BAD MANAGEMENT AT NASA?….The final report on the space shuttle tragedy was released today. Here’s the Washington Post headline:
Jeez, I could swear that this is exactly the same headline used for stories about the Challenger explosion two decades ago. Sure enough, it is:
In a report that cited disturbing “echoes” of the shuttle Challenger disaster of 1986, investigators said, “NASA’s organizational culture had as much to do with this accident as foam did.”
….At a news conference, some of the board members referred to the Challenger disaster and subsequent calls for increased emphasis on safety at the space agency. “It didn’t get fixed last time,” said Steven B. Wallace. “There has to be a different approach.”
….”These repeating patterns mean that flawed practices embedded in NASA’s organizational system continued for 20 years and made substantial contributions to both accidents.”
This has now happened twice, and both times the investigating commissions have come to the same conclusion, so obviously there’s something to this. And yet, there’s a tiny niggle in the back of my mind that can’t help but wonder if NASA is really any worse than any other large bureaucracy, the main difference being that their failures are considerably more spectacular than most. After all, how many organizations wouldn’t end up looking awfully bad if they were put under the same kind of microscope as NASA? How about yours?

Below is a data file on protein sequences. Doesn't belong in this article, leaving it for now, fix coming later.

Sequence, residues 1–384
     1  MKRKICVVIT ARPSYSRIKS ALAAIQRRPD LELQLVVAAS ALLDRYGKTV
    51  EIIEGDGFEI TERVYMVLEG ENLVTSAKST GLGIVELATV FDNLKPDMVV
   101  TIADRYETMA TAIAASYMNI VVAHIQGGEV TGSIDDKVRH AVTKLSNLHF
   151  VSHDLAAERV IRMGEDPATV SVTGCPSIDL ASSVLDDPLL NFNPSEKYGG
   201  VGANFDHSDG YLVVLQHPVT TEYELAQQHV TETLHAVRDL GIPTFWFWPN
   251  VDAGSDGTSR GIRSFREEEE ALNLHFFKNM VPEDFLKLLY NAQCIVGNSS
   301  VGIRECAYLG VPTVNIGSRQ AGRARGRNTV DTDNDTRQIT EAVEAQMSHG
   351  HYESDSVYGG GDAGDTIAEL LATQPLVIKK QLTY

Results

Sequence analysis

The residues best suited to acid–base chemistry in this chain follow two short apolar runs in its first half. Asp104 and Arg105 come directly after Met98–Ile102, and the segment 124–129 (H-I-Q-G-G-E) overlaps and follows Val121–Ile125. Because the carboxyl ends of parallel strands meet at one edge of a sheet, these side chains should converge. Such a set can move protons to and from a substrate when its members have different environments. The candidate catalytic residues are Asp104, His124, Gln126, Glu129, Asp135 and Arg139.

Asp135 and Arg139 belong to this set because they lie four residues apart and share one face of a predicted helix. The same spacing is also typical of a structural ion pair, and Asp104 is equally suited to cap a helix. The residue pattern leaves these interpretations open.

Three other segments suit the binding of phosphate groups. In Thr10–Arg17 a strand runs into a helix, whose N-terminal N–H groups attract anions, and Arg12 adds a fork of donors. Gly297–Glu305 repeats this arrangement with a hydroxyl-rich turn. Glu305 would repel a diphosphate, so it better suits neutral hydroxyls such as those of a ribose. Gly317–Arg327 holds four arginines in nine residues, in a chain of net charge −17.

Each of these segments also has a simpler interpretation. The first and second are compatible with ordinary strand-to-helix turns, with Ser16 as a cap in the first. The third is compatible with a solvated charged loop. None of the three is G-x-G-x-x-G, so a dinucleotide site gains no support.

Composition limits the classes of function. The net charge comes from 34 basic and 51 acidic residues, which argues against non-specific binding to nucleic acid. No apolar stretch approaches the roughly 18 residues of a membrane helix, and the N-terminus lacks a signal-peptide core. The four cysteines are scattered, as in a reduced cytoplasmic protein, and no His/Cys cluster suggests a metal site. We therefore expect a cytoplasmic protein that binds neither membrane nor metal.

In the end, maybe space flight is just inherently dangerous, and we should get used to the fact that we’re simply not willing to spend the kind of money it would take to avoid disasters altogether. As Maj. Gen. John Barry said, “NASA had conflicting goals of cost, schedule and safety,” but this is hardly something unique to the space program. It’s just a fact of life.
I’m just musing here, not really expressing any opinions. But I’d sure want to know more about how NASA’s record stacks up against similar organizations before I went too far overboard in joining the piling on. Has anyone ever done such a comparison?